It has been some time now since I have shared one of Ruskin’s marvelous passages about some aspect of Nature—those many bits that appear throughout his works–but particularly the earlier ones, that enthralled readers and, as he intended, often inspired them to go out and have looks of their own at wonderful aspects of the world in which they lived which, for reasons too numerous to mention, they had overlooked. Today, with him, albeit briefly, we consider the (not so lowly) grass, a living essence many of us see almosteach day. The passage appears in the third volume of Modern Painters (1854) and seems to be perfectly apt for our thought as our summer wanes and fall gains:
Gather a single blade of grass, and examine for a minute, quietly, its narrow
sword-shaped strip of fluted green. Nothing, as it seems, of notable
goodness or beauty. A very little strength, and a very little tallness, and a
few delicate long lines meeting in a point–not a perfect point neither, but
a point blunt and unfinished, by no means a creditable or apparently much-cared for
example of Nature’s workmanship–made, as it seems, only to be trodden on
to-day, and to-morrow to be cast into the oven; And a little pale and hollow
stalk, feeble and flaccid, leading down to the dull brown fibers of roots.
And yet, think of it well, and judge whether of all the gorgeous flowers that
beam in summer air, and of all strong and goodly trees, pleasant to the eyes
or good for food–stately palm and pine, strong ash and oak, scented citron,
burdened vine–there be any by man so deeply loved, by God so highly
graced, as that narrow point of feeble green… Consider what we owe merely to the
meadow grass, to the covering of the dark ground by that glorious
enamel, by the companies of those soft, and countless, and peaceful spears.
Follow but forth for a little time the thoughts of all that we ought
to recognize in those two words. All spring and summer is in them–the walks by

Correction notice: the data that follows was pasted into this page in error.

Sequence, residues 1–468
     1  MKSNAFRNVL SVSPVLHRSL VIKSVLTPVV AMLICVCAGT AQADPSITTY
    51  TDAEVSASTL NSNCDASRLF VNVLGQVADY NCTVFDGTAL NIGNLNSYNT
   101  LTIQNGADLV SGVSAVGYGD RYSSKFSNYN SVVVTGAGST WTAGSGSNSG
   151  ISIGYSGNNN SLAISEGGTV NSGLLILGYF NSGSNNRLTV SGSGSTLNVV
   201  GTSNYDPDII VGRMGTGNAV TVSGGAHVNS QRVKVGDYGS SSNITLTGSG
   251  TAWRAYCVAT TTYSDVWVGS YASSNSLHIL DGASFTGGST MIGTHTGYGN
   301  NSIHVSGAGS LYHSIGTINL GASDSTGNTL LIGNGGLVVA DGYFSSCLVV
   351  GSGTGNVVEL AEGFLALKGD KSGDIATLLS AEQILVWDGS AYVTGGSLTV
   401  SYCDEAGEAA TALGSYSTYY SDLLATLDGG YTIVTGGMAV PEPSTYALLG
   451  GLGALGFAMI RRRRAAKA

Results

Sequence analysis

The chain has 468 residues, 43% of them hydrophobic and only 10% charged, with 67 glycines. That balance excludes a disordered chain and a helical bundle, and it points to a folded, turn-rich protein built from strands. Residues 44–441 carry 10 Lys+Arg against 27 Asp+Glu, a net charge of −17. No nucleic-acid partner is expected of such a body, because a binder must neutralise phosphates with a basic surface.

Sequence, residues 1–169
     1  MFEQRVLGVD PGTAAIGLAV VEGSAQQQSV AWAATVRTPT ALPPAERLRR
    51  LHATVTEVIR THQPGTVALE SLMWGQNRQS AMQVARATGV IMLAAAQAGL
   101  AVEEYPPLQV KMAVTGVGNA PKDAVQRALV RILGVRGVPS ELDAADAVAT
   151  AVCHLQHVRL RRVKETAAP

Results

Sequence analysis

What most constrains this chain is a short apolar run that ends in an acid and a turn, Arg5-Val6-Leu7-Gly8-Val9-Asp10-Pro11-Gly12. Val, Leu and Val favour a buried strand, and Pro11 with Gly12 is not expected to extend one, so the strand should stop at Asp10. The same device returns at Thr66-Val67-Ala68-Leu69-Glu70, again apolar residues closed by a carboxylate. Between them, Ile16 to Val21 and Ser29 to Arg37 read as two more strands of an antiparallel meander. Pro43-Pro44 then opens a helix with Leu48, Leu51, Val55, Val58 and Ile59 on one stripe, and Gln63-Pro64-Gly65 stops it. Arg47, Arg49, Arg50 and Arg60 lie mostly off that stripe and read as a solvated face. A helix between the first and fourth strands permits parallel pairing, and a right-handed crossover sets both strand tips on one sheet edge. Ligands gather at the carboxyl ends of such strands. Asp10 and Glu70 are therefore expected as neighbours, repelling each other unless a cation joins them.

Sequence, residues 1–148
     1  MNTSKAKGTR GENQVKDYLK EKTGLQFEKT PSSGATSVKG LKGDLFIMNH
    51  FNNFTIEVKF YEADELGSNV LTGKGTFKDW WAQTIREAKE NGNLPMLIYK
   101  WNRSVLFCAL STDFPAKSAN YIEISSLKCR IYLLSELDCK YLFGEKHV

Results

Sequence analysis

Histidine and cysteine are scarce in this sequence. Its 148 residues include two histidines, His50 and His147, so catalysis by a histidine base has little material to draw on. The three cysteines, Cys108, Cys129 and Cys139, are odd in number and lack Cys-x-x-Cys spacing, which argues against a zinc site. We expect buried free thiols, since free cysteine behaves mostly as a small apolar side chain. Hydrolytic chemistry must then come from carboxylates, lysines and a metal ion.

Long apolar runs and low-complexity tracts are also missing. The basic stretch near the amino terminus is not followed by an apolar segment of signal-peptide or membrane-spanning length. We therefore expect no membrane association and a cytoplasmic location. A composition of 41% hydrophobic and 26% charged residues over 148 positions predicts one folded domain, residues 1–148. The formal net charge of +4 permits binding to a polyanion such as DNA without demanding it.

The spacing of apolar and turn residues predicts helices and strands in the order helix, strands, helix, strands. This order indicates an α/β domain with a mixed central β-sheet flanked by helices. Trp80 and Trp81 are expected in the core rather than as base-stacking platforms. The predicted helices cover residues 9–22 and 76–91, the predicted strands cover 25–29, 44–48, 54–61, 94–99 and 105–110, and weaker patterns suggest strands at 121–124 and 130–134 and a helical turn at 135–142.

silent, scented paths–the rests in noonday heat–the joy of herds and flocks, the power of all shepherd life and meditation–the life of sunlight upon the
world, falling in emerald streaks, and failing in soft blue shadows, where
else it would have struck upon the dark mold or scorching dust–pastures
beside the pacing brooks–soft banks and knolls of lowly hills–thymy slopes
of down overlooked by the blue line of lifted sea–crisp lawns all dim with
early dew, or smooth in evening warmth of barred sunshine, dinted by
happy feet–and softening in their fall the sound of loving voices–all these
are summed in those simple words; and these are not all. We may not
measure to the full depth of this heavenly gift in our own land, though still,
as we think of it longer, the infinite of that meadow sweetness…would open on us more and more… Go out, in the spring time, among the meadows that slope
from the shores of the Swiss lakes to the roots of their lower mountains.
There, mingled with the taller gentians and the white narcissus, the grass
grows deep and free; and, as you follow the winding mountain-paths,
beneath arching boughs all veiled and dim with blossom–paths that forever
droop and rise over the green banks and mounds, sweeping down in scented
undulation, steep to the blue water, studded here and there with new-mown
heaps, filling all the air with faint, sweet smell.
Look up towards the higher
hills, where the waves of everlasting green roll silently into their long inlets among the shadows of the pines; and we may, perhaps, at last know the
meaning of those quiet words of the 147th
Psalm, “He maketh grass to grow
upon the mountains.”
Until next time!
Do please continue well out there!